Legislative changes made in 2016, which were designed to close loopholes surrounding the use of the principal residence exemption, could impact Ron and Sheryl's decision on whether to transfer the cottage to a trust. As a result of these changes, if the cottage is subsequently sold by the trust, rather than distributed to Leah and Stuart, there will be a disposition for income tax purposes and taxes will become payable. In this case, the trust won't be eligible to claim the principal residence exemption on any of the gains that have accrued since the cottage was transferred to the trust. This is because, effective for taxation years that begin after 2016, only certain personal trusts are eligible to claim the principal residence exemption.

Eligible trusts include:

  • An alter ego trust, spousal trust (either inter-vivos or testamentary), joint spousal trust, or certain other trusts for the exclusive benefit of the settlor during the settlor's lifetime.
  • A qualified disability trust, provided certain conditions are met.
  • An orphan trust (the specified beneficiary is a minor whose parents are both deceased).

For a personal trust that no longer qualifies as an eligible trust after 2016, but that existed prior to 2016, certain grandfathering provisions will allow the principal residence exemption to be applied under specific conditions, and only to the gains accrued on the property up to Dec. 31, 2016. Where a property is disposed of in 2017 or later, any remaining accrued gain will not be eligible for the principal residence exemption.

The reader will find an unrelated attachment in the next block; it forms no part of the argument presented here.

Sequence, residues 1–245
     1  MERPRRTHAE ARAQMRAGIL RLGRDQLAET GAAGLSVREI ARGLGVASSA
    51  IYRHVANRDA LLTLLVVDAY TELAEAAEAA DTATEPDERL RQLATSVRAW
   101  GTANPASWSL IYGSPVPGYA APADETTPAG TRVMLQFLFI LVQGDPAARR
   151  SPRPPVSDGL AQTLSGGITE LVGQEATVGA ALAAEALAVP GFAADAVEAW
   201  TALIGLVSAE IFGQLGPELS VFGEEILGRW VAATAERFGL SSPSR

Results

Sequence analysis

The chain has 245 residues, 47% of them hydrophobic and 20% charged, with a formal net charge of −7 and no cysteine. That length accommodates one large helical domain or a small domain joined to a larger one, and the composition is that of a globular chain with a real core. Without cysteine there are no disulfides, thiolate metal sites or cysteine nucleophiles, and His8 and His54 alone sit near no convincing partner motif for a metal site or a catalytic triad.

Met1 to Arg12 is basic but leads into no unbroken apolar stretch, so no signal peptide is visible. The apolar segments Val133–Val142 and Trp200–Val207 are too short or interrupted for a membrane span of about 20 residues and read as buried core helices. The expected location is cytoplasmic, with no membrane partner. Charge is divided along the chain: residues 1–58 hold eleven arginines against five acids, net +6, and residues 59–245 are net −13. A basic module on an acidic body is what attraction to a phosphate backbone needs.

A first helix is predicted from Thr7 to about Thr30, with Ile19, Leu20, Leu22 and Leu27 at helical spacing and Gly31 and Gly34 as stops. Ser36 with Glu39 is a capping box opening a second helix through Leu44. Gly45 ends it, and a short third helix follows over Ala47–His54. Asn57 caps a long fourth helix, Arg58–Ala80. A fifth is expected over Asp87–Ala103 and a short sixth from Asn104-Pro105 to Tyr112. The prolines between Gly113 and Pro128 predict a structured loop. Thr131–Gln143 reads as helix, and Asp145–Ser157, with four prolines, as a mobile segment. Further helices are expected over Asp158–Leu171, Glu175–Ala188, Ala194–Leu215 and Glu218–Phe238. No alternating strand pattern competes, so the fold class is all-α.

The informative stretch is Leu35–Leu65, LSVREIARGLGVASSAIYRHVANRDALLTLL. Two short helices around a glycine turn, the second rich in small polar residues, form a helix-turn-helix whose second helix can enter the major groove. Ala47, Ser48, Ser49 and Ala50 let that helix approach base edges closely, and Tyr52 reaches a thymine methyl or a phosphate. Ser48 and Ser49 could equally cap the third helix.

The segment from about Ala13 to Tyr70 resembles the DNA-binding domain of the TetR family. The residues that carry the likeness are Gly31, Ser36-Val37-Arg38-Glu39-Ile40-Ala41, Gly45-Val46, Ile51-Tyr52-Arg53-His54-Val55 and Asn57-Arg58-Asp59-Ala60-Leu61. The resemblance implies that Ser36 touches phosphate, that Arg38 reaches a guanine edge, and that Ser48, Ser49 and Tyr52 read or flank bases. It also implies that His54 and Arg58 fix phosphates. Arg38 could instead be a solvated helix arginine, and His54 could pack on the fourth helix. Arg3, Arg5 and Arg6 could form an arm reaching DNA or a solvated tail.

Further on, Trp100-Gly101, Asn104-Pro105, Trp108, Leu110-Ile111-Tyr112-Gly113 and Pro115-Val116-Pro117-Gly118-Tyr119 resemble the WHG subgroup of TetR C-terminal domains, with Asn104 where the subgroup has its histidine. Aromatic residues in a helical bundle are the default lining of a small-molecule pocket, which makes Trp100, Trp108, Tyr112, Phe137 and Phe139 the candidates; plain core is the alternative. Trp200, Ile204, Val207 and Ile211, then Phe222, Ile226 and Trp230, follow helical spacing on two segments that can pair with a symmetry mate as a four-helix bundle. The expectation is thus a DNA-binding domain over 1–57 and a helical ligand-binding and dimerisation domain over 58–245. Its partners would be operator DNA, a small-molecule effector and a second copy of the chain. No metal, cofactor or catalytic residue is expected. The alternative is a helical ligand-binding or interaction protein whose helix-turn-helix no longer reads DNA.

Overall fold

Should Ron and Sheryl consider a joint spousal trust?

Since both Ron and Sheryl are over the age of 65, they're able to transfer the ownership of their cottage to a joint spousal trust without triggering the application of the deemed disposition rules discussed above.

The terms of the trust will have to provide that they have a right to the use and enjoyment of the cottage, and Leah and Stuart will be named as capital beneficiaries of the trust. When the last of either Ron or Sheryl dies, their children will be transferred ownership of the cottage and there will be a deemed disposition of the cottage at that time. The trust will then pay tax on any increase in value over the cottage's adjusted cost base (ACB).

Since a joint spousal trust is an eligible trust for the purposes of claiming the principal residence exemption, and assuming the trust meets certain other criteria, it can use the principal residence exemption (if available) to reduce the tax on the accrued gains realized on the death of the last surviving spouse.